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Inaugural Symposium: “You Guys Just Innovate, We’ll Pay the Bill”

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Motivations for Yale-NUS Founding Discussed at Inaugural Symposium

story Elaine Li, Contributing Reporter

The first panel in the Symposium featured the Presidents of Yale and NUS in a discussion centred on the formation of Yale-NUS College (Public Affairs)
The first panel in the Symposium featured the Presidents of Yale and NUS in a discussion centred on the formation of Yale-NUS College (Public Affairs)

It was a convergence of interests between Yale University and the National University of Singapore (NUS) that led to the birth of Yale-NUS College, Yale President Emeritus Richard Levin and NUS President Tan Chorh Chuan explained. They were speaking at the Inaugural Symposium on International Liberal Education on Oct. 11.

NUS was looking to internationalize education and provide more tertiary education options in Singapore. At the same time, Yale had plans to expand and reinvent liberal arts in Asia, and found significant financial support from the Singapore government. “We found ourselves in this position, and here all of a sudden was Chorh Chuan coming with the full faith and credit of the Singapore government behind him, saying, you guys just innovate; we’ll pay the bill,” Mr. Levin said.

Mr. Levin and Mr. Tan, who were Presidents of Yale and NUS respectively at the time the agreement was reached, were speaking at the first panel of the Symposium, “Founding Yale-NUS College: Dialogue Among Presidents”, chaired by Yale-NUS College President Pericles Lewis. The full-day symposium, hosted in conjunction with the Inauguration of the Yale-NUS College campus, brought together approximately 40 international higher education leaders. It aimed to provide a platform for open discussion and inquiry about the fundamental challenges facing higher education today, and foster visionary thinking about reshaping undergraduate education for the 21st century.

Both the Singapore Ministry of Education (MOE) and NUS had an interest in bringing liberal arts education to Singapore, Mr. Tan said. MOE saw liberal arts education as a way of keeping Singapore’s “human capital on edge”, while NUS saw it as “an important new part of NUS […] which we think will position us well for the future,” Mr. Tan said.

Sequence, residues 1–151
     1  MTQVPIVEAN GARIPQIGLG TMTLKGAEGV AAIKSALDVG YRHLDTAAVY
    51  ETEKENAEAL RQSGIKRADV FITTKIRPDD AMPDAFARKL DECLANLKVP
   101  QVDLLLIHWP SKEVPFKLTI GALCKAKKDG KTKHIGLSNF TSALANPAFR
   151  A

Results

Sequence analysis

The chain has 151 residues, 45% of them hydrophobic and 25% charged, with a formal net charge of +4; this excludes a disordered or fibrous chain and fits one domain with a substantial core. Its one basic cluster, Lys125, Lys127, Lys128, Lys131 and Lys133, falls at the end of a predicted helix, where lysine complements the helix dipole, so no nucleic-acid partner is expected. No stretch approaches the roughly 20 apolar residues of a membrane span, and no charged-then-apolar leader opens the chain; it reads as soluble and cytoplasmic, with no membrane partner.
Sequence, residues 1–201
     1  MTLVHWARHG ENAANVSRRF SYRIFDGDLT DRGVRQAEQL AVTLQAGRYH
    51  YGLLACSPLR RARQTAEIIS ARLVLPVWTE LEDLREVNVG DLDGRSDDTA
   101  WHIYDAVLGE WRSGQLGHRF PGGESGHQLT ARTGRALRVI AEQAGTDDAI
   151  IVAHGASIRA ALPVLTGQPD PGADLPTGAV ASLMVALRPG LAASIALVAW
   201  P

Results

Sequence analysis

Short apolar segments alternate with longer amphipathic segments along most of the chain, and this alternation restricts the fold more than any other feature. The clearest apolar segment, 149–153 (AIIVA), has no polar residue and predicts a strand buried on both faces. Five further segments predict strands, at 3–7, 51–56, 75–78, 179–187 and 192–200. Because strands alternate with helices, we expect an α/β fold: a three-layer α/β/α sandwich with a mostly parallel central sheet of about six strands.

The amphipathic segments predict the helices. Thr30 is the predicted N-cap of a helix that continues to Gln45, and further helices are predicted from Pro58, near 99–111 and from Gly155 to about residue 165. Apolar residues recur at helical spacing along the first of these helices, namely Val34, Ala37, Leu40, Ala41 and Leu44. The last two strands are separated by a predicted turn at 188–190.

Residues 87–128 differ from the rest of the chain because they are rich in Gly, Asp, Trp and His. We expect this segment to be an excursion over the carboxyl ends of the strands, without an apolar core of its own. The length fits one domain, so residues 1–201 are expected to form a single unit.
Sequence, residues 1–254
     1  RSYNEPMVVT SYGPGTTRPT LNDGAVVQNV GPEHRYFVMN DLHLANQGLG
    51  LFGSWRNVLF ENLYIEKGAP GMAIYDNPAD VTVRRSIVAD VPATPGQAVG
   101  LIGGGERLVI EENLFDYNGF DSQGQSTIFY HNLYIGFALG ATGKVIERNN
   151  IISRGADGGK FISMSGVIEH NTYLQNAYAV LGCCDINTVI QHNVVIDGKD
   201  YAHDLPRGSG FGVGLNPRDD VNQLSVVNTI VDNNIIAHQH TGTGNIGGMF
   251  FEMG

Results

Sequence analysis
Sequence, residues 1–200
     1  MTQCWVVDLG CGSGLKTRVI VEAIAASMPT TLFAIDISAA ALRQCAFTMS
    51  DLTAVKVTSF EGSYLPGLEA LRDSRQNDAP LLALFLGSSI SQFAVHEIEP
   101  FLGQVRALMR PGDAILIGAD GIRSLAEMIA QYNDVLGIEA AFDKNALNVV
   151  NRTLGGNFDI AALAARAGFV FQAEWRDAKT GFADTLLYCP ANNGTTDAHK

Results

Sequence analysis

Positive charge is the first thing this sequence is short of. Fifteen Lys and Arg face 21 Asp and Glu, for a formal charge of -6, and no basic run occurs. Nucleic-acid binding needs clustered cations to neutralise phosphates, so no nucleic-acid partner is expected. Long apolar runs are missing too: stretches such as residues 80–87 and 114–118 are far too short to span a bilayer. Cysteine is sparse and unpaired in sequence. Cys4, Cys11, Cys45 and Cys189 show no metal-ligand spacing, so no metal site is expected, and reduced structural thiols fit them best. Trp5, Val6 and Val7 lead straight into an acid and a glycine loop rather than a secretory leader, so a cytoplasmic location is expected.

It was “the right idea, the right partner, and the right time” that made Yale take on the proposal, Mr. Levin said. He said that historically, Yale has had an international education agenda, which recently focused on many ventures in Asia.

Mr. Levin said he was encouraged by the excellent chemistry in the partnership with Singapore, as well as the financial freedom afforded to Yale by the Singaporean government’s funding of the venture. The venture came at a time when “Yale had lost 6 and a half billion [USD] in the markets” and “were facing 350 million [USD] of budget cuts to implement over the next couple of years”, according to Mr. Levin.

Mr. Levin also expressed personal frustration at the fragmented nature of American college curriculums, where the significance of meaningful mastery of different disciplines had been lost. However, change was difficult to instigate at an institution like Yale with many years of tradition. Yale-NUS presented an opportunity to design liberal education from scratch.

The symposium included a second panel on “The Future of International Liberal Education”, composed of Vice-Chancellor of the University of Oxford Andrew Hamilton, President of Shanghai Jiaotong University Zhang Jie, and President of Vassar College Catharine Hill. Drawing on experiences from their own institutions, each speaker provided unique insights into contemporary challenges of internationalizing liberal education, such as the merits of the Oxford discipline-focused model and strategies to motivate faculty and increase accessibility and diversity of college admissions.

Yale-NUS will host its second symposium on liberal arts education in New Haven in June 2016. This symposium will be more focused on issues of the curriculum, and will involve more Deans of Faculty and curriculum committee chairs as opposed to college presidents, Mr. Lewis said.

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